After withstanding pressure from activist investors and mitigating the loss of space inside the Apple (AAPL) - Get Report iPhone 7, Qualcomm's (QCOM) - Get Report fourth-quarter results will reveal to investors how the company's licensing business is doing, as well as long-term viability of its leadership position in LTE.

"[Qualcomm] still has a very profitable license business but the entry of [Intel] into [Apple] raised serious questions about long-term LTE leadership and will likely remain an overhang for the story for some time (particularly given recent speculation about Mediatek share gains at Samsung)," Barclays Capital analyst Blayne Curits wrote to clients. "There is likely some further benefit from catch-up payments/new license agreements into year end, but the picture is murkier post 2016 and we see risk that QCOM may struggle to deliver growth into 2017 and beyond."

The San Diego-based chipmaker derives its revenue in two segments: selling chips to smart device makers, as well as its lucrative royalty business, known as Qualcomm Technology Licensing or QTL.

Earlier this year, activist investor Jana Partners cut the majority of its stake in Qualcomm, after putting pressure on the company in 2015 to separate its capital-intensive chipmaking business from QTL, which provides most of the company's income. Qualcomm underwent a review and ultimately concluded it was in the best interest of shareholders to keep the company as one.

Curtis believes that that while the fourth-quarter will see a reduced mix of QTL revenue, the segment should return to growth in the December quarter, "reflecting both seasonally higher device sales in Sept. vs. June and likely some additional catch-up payments potentially translating to a higher implied royalty rate in the Q (we estimate closer to 3%)."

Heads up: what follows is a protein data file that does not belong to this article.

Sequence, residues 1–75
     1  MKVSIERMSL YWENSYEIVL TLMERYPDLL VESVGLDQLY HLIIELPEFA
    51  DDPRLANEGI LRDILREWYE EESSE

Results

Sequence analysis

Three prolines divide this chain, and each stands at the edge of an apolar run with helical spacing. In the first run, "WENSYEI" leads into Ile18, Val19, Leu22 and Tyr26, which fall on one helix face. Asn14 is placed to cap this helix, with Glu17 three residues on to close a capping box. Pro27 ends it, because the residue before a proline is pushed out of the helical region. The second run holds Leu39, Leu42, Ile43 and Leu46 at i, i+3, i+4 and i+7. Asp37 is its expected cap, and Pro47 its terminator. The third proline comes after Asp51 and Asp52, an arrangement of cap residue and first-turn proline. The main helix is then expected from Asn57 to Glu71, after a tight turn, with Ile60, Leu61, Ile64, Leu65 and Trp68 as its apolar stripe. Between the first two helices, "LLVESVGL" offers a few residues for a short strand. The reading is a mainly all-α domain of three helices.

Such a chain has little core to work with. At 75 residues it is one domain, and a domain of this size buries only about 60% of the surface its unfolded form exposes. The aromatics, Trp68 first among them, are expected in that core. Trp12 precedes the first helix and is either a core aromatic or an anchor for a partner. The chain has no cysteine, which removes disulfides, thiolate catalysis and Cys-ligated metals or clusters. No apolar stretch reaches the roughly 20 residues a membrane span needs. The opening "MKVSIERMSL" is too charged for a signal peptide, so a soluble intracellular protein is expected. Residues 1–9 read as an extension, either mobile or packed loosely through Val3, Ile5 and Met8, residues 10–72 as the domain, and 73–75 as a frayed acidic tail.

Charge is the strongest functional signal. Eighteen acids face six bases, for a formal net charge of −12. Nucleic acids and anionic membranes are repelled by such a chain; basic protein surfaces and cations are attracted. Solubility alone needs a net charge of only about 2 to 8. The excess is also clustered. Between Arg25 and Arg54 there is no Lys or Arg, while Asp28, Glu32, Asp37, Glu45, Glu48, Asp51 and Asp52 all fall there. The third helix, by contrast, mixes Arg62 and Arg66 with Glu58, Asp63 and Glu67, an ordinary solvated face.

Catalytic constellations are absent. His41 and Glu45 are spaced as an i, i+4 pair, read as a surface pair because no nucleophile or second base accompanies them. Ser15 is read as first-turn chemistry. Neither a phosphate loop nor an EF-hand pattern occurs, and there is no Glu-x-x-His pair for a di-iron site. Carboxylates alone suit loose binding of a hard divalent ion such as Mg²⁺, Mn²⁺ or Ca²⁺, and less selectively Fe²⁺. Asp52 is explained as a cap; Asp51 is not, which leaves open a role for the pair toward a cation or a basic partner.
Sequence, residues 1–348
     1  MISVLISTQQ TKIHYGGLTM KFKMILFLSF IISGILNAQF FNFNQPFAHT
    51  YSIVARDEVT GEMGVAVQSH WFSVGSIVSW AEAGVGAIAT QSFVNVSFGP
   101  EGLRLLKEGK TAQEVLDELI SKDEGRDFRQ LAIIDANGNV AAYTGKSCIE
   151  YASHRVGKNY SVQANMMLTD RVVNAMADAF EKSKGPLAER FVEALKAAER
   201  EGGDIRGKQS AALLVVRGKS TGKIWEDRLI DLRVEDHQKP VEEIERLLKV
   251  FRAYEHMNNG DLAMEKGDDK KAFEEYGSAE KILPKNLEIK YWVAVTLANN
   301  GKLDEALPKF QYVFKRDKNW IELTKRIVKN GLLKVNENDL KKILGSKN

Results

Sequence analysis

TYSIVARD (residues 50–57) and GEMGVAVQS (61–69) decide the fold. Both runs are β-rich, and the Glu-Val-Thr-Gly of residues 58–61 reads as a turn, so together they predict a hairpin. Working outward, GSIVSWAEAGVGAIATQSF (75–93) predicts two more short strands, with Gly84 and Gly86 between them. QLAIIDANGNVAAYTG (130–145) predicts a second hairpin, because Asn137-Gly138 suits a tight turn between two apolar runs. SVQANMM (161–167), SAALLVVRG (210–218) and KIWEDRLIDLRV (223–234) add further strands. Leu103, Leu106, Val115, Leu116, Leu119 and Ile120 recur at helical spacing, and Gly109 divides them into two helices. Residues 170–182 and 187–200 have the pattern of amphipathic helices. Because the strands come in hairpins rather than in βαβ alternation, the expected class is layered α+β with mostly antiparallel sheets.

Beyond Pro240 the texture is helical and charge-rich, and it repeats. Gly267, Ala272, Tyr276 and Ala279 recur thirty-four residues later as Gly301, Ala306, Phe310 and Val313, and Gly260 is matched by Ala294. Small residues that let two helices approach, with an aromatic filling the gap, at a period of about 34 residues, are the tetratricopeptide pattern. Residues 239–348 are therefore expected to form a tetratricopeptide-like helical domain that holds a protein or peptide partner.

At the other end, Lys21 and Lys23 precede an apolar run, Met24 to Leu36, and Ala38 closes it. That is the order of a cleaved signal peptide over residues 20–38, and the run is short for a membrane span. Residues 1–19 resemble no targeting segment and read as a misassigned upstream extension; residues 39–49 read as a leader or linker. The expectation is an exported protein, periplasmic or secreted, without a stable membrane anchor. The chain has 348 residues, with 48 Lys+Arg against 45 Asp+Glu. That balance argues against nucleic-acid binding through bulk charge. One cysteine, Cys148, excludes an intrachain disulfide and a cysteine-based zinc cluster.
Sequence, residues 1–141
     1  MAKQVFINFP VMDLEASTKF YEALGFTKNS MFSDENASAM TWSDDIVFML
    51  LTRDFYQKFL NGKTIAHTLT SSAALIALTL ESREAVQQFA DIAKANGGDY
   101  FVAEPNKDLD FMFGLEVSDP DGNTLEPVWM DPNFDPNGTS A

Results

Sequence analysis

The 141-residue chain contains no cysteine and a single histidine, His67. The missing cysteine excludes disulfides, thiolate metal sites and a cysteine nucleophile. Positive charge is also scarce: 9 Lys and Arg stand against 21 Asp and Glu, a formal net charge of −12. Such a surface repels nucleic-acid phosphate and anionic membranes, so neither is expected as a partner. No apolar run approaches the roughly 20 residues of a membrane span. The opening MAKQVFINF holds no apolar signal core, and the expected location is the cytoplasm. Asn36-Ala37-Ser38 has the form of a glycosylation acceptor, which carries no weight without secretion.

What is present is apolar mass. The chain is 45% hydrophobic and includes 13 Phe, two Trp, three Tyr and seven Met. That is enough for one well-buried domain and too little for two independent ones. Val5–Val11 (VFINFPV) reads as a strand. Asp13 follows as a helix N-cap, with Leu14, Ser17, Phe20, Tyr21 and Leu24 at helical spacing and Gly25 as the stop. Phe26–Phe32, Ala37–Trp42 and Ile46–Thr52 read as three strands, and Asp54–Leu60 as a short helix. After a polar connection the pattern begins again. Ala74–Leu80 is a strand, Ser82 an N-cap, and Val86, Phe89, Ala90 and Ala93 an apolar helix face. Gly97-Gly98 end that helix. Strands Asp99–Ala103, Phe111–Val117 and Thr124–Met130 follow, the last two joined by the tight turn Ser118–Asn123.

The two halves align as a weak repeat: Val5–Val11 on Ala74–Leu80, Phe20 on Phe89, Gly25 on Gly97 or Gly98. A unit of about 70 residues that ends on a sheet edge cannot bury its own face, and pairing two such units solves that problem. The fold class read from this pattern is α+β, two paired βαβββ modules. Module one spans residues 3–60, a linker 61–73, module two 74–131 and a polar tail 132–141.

In addition, there's concern for Qualcomm, given its placement in the Samsung SSNLF Galaxy Note 7, which has experienced fires, ultimately leading for Samsung to recall the phone.

Canaccord Genuity analyst T. Michael Walkley, who rates Qualcomm buy with a $75 price target, wrote there may be a "modest impact of lower Snapdragon 820 sales" during the next two quarters, estimating that Samsung would sell around 20 million units of the phone annually.

Analysts surveyed by Yahoo! Finance expect Qualcomm to earn $1.13 a share on $5.84 billion in revenue.

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These three ETFs may benefit if investors like what the San Diego-based chipmaker has to say about the past 90 days.

VanEck Vectors Semiconductor ETF

Qualcomm accounts for 9.16% of the VanEck Vectors Semiconductor ETF (SMH) - Get Report , which has $595 million in assets under management and sports a 0.35% expense ratio.

Despite concerns about the Galaxy Note 7, Canaccord Genuity's Walkley believes Samsung may discount the Galaxy S 7, "which could potentially soften the impact of Qualcomm's lost sales to the Note 7." Walkley estimates there will be 60 million S 7's sold.

PowerShares Dynamic Semiconductors Portfolio ETF

Qualcomm makes up 5.25% of the $100.5 million PowerShares Dynamic Semiconductors Portfolio ETF (PSI) - Get Report and charges investors a 0.63% expense ratio.

Walkley also noted that Qualcomm's issues in China may also be turning around, having signed deals with Vivo and Oppo. The chipmaking business is also gaining market share on Android, which will help market share as well as margins, which are expected to be around 60% for the quarter.

iShares PHLX Semiconductor ETF

The iShares PHLX Semiconductor ETF (SOXX) - Get Report has Qualcomm make up 8.36% of its $446.3 million portfolio and charges investors a 0.47% expense ratio.